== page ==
|Publication number||US7818591 B2|
|Application number||US 11/786,183|
|Publication date||Oct 19, 2010|
|Filing date||Apr 11, 2007|
|Priority date||Apr 11, 2007|
|Also published as||US8356191, US20080252307, US20110022860|
|Publication number||11786183, 786183, US 7818591 B2, US 7818591B2, US-B2-7818591, US7818591 B2, US7818591B2|
|Inventors||Frederick R. Schindler|
|Original Assignee||Cisco Technology, Inc.|
|Export Citation||BiBTeX, EndNote, RefMan|
|Patent Citations (55), Non-Patent Citations (5), Referenced by (10), Classifications (13), Legal Events (2)|
|External Links: USPTO, USPTO Assignment, Espacenet|
A typical phantom (or inline) power communications system includes power-sourcing communications equipment and a set of remotely-powered network devices that connect to the power-sourcing communications equipment though a set of network cables. The power-sourcing communications equipment includes a power supply and transmit/receive circuitry. During operation, the power supply provides power to the remotely-powered network devices through the network cables, and the transmit/receive circuitry concurrently exchanges data with the remotely-powered network devices through the same network cables. Accordingly, the users of the remotely-powered network devices are not burdened with having to separately connect their devices to power sources (e.g., wall outlets).
Several conventional approaches exist for provisioning power to remotely-powered network devices over cables having some amount of resistance. One conventional approach, which is hereinafter referred to as the conventional “over-provisioning approach”, involves the equipment manufacture designing the power-sourcing communications equipment for a worst-case scenario in which the power-sourcing communications equipment connects to a maximum number of remotely-powered network devices through network cables at their maximum specified lengths (e.g., 100 meters in accordance with the IEEE 802.3af standard). Under this approach, the equipment manufacturer provisions particular characteristics of the power-sourcing communications equipment for a maximum power draw (e.g., maximum power supplied to each remote device and maximum power loss over each network cable due to the network cables being at their maximum lengths). For example, the manufacturer makes sure the power supply is large enough, that there are enough circuit board power planes or that the circuit board power planes and power converters are robust enough to carry worst case current, and that the fan assembly is strong enough to provide adequate cooling. Another conventional approach, which is hereinafter referred to as the conventional “statistical methods” approach, involves the equipment manufacturer designing the power-sourcing communications equipment based on probable uses of the equipment in the field. For example, the manufacturer may offer two models of power-sourcing communications equipment, namely, a lower-end model which is designed for lower power demand situations, and a higher-end model which is designed for higher power demand situation, and then rely on the customer to select the best-suited model for a particular installation location. There are also industry standards which attempt to provide guidelines for manufacturing certain types of power-sourcing communications equipment. For example, the IEEE 802.3af standard, or the newer IEEE 802.3-2005 standard, which is also called the “Power over Ethernet” (PoE) standard, defines ways to build Ethernet power-sourcing equipment and powered terminals. In particular, the IEEE 802.3-2005 standard identifies ways to deliver certain electrical features (e.g., 48 volts) of D.C. power over unshielded twisted-pair wiring (e.g., Category 3, 5, 5e or 6 network cables, patch cables, patch-panels, outlets and connecting hardware) to a variety of Ethernet devices or terminals such as IP phones, wireless LAN access points, laptop computers and Web cameras.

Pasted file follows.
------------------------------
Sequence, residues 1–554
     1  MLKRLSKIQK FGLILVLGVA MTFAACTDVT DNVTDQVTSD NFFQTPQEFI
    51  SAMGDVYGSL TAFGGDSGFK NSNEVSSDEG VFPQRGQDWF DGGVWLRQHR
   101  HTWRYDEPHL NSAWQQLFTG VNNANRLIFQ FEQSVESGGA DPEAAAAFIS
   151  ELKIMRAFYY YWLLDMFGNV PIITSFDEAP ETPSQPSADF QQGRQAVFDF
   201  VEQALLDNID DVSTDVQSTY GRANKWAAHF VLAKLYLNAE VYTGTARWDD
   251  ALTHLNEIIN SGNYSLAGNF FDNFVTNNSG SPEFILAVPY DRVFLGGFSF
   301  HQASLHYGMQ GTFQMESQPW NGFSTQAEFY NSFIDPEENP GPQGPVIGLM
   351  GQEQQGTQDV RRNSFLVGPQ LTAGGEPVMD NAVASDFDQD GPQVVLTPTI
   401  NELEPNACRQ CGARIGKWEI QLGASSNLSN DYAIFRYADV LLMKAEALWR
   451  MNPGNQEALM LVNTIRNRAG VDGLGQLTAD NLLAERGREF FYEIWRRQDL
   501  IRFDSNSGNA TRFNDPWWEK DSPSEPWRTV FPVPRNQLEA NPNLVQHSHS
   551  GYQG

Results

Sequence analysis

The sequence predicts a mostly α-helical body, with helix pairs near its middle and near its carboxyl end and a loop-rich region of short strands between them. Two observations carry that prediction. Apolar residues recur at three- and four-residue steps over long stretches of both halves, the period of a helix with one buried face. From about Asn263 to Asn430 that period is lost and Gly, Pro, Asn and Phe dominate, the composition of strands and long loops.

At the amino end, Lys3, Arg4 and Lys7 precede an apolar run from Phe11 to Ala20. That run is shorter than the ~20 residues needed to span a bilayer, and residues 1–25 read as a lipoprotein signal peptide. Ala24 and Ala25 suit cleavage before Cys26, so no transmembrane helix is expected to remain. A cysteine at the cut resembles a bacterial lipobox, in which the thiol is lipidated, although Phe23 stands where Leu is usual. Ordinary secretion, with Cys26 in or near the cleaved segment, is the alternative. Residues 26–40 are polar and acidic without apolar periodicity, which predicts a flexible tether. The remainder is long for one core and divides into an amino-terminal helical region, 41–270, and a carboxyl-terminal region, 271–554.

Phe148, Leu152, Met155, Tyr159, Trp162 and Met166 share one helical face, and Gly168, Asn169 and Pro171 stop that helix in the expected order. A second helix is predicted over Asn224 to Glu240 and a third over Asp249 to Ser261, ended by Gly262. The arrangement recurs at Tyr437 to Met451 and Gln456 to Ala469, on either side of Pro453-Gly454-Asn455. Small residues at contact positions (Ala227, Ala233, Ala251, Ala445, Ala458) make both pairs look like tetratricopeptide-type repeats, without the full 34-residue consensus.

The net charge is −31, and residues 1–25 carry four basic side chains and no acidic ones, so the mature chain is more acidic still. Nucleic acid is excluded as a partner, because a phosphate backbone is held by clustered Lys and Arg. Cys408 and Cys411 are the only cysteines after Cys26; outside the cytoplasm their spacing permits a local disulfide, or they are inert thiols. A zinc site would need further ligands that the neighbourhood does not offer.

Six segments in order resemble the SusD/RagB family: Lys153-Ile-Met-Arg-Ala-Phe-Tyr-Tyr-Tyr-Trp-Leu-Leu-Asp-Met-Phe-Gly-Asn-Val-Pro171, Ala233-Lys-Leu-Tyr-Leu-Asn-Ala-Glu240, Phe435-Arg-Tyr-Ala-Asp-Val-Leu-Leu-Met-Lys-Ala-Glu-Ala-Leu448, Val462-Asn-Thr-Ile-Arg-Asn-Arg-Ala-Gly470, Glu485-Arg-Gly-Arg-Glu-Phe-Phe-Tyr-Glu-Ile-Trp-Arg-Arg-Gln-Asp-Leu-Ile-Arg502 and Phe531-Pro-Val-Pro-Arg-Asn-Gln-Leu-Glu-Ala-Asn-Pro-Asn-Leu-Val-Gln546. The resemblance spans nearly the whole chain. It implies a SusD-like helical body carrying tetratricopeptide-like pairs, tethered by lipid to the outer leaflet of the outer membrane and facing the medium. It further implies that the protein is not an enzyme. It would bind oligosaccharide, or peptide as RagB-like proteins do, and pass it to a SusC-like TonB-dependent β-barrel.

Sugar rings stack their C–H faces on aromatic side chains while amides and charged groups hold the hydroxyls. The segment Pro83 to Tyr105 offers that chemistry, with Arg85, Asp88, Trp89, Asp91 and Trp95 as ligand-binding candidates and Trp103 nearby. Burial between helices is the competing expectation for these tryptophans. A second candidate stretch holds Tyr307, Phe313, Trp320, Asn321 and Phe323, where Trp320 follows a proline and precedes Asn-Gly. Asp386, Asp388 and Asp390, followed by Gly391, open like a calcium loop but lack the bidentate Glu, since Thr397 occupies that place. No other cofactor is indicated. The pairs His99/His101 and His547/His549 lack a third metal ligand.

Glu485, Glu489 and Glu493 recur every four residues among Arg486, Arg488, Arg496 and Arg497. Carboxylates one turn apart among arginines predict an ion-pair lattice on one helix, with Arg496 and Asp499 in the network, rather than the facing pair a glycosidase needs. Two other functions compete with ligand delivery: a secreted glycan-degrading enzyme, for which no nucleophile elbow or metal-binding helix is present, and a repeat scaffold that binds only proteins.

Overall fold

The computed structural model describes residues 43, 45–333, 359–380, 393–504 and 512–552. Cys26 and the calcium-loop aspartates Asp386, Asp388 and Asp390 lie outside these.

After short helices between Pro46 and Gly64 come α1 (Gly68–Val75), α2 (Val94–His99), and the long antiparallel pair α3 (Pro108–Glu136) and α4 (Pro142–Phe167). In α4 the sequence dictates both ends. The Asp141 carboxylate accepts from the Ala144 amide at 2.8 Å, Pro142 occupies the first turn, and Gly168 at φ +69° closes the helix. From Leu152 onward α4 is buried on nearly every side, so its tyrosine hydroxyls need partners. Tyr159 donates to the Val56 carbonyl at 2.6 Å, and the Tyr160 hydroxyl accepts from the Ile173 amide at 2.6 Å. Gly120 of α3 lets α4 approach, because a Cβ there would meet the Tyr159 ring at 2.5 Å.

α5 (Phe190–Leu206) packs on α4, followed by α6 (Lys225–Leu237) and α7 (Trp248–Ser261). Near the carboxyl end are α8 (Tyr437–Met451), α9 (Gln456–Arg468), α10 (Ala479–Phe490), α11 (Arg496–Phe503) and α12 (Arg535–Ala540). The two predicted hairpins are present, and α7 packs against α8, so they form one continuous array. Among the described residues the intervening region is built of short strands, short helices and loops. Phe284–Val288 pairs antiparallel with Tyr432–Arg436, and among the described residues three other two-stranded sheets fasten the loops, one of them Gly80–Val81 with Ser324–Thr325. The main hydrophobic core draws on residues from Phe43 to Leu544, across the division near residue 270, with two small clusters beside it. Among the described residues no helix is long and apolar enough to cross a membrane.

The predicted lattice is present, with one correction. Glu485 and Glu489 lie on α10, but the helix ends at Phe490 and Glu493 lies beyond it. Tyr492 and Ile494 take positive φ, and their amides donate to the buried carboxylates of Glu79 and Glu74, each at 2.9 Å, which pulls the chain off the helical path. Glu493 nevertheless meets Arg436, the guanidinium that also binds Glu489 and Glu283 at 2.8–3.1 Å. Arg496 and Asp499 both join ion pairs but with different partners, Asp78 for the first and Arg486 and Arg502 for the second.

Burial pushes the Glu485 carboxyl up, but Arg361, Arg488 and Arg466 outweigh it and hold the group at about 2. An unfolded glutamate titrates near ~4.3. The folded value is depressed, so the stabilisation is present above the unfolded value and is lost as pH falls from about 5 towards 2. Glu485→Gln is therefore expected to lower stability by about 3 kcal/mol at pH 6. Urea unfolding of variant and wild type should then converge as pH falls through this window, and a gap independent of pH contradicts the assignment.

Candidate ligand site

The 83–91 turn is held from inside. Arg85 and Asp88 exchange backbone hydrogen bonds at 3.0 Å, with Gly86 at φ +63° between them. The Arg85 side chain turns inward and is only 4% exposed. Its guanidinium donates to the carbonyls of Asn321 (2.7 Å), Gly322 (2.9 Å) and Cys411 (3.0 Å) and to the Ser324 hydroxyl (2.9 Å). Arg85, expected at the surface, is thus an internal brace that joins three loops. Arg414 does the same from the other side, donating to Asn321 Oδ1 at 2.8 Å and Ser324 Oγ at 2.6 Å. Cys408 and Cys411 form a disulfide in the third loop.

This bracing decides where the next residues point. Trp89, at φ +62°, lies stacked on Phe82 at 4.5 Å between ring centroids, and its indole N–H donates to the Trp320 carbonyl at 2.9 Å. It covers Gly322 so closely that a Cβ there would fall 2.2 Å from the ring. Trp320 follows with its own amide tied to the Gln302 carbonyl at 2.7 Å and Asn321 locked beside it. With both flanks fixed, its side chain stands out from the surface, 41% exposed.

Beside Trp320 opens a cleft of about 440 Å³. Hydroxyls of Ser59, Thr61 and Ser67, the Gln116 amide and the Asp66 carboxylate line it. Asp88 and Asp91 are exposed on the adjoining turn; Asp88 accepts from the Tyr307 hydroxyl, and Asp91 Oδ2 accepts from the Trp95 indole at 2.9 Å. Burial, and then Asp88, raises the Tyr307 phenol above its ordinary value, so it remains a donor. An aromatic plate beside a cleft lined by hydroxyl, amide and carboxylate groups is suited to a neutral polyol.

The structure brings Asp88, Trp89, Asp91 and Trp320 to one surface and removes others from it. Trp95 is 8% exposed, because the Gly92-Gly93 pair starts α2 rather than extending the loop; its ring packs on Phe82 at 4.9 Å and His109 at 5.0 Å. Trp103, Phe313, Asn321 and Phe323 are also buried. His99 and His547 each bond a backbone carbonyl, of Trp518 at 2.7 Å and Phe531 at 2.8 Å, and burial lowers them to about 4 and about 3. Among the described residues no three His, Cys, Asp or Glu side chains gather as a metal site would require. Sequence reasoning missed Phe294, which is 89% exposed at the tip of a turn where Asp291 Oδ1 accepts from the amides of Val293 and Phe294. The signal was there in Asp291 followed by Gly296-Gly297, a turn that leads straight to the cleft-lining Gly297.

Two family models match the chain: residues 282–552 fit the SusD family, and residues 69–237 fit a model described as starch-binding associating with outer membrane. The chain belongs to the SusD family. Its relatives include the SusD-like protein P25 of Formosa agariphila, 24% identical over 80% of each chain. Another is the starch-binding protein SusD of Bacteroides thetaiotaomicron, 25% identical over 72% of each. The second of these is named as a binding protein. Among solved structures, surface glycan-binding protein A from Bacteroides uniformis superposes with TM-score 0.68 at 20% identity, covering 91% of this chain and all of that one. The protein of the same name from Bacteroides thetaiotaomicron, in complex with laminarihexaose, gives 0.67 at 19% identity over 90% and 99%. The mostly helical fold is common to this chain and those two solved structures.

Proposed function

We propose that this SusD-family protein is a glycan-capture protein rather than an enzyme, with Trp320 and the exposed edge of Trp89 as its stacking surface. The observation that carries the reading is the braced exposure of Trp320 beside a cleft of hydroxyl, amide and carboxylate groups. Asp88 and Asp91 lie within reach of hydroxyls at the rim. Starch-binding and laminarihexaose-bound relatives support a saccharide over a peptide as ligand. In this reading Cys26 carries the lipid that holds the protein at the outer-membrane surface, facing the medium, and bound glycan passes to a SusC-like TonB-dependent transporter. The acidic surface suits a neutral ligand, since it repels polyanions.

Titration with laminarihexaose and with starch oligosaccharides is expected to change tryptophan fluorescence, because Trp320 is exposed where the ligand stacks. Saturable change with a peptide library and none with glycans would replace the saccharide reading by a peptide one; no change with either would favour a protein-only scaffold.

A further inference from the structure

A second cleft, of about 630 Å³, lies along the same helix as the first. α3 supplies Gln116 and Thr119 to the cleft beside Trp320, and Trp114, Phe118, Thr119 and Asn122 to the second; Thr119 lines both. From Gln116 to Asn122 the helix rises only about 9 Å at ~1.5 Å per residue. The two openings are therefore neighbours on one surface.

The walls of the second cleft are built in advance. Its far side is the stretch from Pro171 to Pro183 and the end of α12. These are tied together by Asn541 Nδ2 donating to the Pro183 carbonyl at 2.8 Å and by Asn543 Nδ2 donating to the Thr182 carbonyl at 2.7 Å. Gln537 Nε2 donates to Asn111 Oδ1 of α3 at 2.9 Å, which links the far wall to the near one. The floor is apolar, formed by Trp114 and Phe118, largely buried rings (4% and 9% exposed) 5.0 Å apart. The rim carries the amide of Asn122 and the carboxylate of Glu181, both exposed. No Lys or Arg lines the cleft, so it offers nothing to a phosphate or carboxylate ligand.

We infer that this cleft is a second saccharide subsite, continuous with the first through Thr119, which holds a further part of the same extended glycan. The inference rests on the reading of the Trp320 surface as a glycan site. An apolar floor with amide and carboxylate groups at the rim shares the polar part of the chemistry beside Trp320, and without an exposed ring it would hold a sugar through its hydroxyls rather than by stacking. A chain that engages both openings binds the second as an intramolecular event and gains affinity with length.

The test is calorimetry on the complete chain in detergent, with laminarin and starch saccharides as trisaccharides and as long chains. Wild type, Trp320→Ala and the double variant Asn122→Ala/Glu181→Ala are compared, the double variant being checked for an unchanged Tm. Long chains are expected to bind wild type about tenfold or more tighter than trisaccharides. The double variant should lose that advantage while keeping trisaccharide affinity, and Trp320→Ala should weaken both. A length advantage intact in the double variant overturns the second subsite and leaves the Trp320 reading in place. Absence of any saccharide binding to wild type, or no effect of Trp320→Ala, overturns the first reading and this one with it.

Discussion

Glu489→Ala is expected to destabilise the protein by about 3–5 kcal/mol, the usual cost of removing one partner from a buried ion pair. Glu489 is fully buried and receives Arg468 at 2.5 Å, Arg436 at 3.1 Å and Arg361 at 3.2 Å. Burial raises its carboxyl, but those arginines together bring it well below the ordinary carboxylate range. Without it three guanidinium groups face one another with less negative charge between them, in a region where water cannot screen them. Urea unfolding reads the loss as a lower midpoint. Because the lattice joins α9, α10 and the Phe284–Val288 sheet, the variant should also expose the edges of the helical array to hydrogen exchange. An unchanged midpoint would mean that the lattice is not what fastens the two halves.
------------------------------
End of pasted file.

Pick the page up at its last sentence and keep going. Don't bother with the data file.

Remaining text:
In the context of the IEEE 802.3-2005 PoE standard where the power-sourcing communications equipment is called the PSE (Power Sourcing Equipment) and the remote device is called the PD (Powered Device), some PSEs include Time Domain Reflectometry circuitry which determines the integrity of the cables, i.e., the data channels.
Objects, features, and advantages of particular embodiments of the invention will be apparent from the following description, as illustrated in the accompanying drawings in which like reference characters refer to the same parts throughout the different views. The drawings are not necessarily to scale, emphasis instead being placed upon illustrating the principles of various embodiments of the invention.
Certain embodiments of the present invention provide improved methods for measuring resistive power loss over cables connecting a Power Sourcing Equipment (PSE) to a Powered Device (PD) in order to enable the PSE to more precisely provide the correct amount of power to the PD. Other embodiments provide for an apparatus for performing the aforementioned methods.
In one embodiment, a method is provided for calculating resistive power loss over a cable by taking multiple measurements at a PD at different electrical loads. This yields a very accurate result.